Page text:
Three important differences
There has been a noticeable shift in the amount of good that companies are saying these days. There are numerous foundations, sponsorships, grants and donations going on from big corporations, that some might start to think they’re a social enterprise.
Well, quite frankly, 99% of them are not, they are just exercising their CSR departments to show you that they care, and unfortunately in some cases that they want you to think that they care.
This is completely different to being an actual social enterprise, so we’ve broken it down into three parts for you to be able to assess whether a company might actually be one, or is just doing a bit of good and shouting about it.
Stakeholders vs Shareholders
As a social enterprise, you are constantly thinking about all your stakeholders. You reach far and wide, not just at your staff, but your customers, your suppliers, your local community and the environment.
Yes, the environment.
Potentially one of the biggest stakeholders for anyone out there, and I’m not too sure as a percentage, how many companies support that stakeholder. As a social enterprise, you are looking to have a positive impact on all your stakeholders.
In traditional companies, it’s the shareholder that rules supreme. If it involves cutting quality and therefore costs in certain parts of the world to create more of a profit and thus more dividend for your shareholders, you’ll do it. If it means shipping or flying something halfway across the world for better profits at the detriment of the environment, you’ll do it.
It’s a careful balance, as any enterprise has to make a profit, but how much profit at the loss of others is the key between being a social enterprise and not being one.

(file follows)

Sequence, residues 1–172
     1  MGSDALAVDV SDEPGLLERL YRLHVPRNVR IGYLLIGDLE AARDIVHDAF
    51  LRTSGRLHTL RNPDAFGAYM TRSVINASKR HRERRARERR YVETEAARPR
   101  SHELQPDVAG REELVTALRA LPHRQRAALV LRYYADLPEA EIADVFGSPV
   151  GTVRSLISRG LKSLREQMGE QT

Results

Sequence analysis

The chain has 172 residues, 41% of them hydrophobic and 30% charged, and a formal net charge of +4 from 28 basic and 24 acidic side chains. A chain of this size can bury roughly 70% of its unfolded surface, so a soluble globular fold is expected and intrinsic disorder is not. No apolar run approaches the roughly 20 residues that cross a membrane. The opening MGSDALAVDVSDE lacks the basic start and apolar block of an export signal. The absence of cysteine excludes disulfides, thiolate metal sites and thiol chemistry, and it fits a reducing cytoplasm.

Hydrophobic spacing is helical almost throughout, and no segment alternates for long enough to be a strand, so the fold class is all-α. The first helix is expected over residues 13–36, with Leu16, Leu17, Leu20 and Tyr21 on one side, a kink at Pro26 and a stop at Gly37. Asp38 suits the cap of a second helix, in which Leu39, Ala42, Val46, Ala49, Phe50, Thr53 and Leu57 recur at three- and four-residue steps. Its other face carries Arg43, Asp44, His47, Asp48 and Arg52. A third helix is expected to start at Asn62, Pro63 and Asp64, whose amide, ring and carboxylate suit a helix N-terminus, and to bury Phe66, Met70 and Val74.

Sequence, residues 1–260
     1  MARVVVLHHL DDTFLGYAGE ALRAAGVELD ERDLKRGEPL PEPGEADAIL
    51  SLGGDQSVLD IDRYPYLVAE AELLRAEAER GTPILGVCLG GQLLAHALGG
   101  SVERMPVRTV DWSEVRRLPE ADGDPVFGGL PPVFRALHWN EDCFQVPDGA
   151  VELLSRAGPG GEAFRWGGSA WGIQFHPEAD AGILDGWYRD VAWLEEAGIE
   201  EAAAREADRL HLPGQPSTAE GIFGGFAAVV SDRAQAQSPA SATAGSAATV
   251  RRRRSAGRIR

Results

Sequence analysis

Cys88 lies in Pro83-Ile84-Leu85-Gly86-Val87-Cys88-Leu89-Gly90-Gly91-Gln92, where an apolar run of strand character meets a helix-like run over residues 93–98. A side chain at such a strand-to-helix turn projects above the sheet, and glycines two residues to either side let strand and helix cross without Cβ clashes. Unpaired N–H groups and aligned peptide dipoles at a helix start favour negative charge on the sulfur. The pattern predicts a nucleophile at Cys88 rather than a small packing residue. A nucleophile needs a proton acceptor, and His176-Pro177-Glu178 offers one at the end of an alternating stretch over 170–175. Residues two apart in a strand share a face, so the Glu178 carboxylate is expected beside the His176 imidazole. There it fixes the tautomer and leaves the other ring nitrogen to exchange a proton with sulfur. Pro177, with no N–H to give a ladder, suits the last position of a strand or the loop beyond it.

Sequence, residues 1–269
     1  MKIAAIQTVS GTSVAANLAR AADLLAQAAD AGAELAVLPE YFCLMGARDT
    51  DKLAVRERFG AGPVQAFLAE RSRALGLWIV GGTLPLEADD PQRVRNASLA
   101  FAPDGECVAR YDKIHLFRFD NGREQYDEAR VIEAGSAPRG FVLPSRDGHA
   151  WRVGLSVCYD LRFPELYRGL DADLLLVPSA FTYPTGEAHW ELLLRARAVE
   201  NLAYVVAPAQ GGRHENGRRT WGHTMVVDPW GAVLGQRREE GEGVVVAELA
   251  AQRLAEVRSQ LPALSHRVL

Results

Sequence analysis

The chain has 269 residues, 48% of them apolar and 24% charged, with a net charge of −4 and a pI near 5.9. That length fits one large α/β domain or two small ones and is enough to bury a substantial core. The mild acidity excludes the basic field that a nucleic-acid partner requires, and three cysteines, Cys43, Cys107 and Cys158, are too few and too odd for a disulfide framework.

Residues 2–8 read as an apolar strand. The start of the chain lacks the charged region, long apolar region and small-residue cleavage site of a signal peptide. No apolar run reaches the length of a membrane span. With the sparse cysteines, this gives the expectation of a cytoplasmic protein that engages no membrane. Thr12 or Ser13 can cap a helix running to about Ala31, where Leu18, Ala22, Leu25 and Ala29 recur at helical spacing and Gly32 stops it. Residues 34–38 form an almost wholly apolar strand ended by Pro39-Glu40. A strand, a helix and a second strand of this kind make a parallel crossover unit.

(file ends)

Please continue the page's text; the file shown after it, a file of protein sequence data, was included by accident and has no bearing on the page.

Enshrined vs entwined
Social enterprises are often started as a social enterprise, they haven’t converted into one, or drifted into becoming one. More often that not, the impact they wanted to see was the reason they started. Therefore, when establishing the company, they would have used a structured which set certain things in place, an asset lock, or a CEO pay ratio, by making them part of the company’s constitution and terms.
Meanwhile CSR departments can often represent as much of the company as they wish, in fact they can even work separately to the company, as a silo, doing so much good and working closely with the marketing department so others know what good is being done.
In more progressive companies, CSR is found in each department, after all, every employee is part of their social responsibility and should benefit from and contribute to any policy or program.
However, the entwining can be untwined and then brushed to one side when say, profits aren’t as good or customers aren’t asking for it.
Being vs doing
Finally, a social enterprise is, day in and day out, it breathes, eats and cries social enterprise, impact, wanting to better the environment and society whilst also wanting to grow financially to increase reach.
Meanwhile a company does CSR when it wants to, or when it needs to, it forms part of the day, or part of the work. CSR often gives the workers a chance to give themselves a pat on the pack for some great impact made, whilst social entrepreneurs get so used to doing good, they see it as normal, and strive to do more.
Both social enterprise and CSR produce positive impact, but the key thing to look at is the rest of the impact being caused by the company who has a CSR department. Are they merely greenwashing what they do, or trying to balance out the harm?
If you have a CSR department and want to improve, get in touch and we can work on making your whole organisation deliver a better and stronger impact.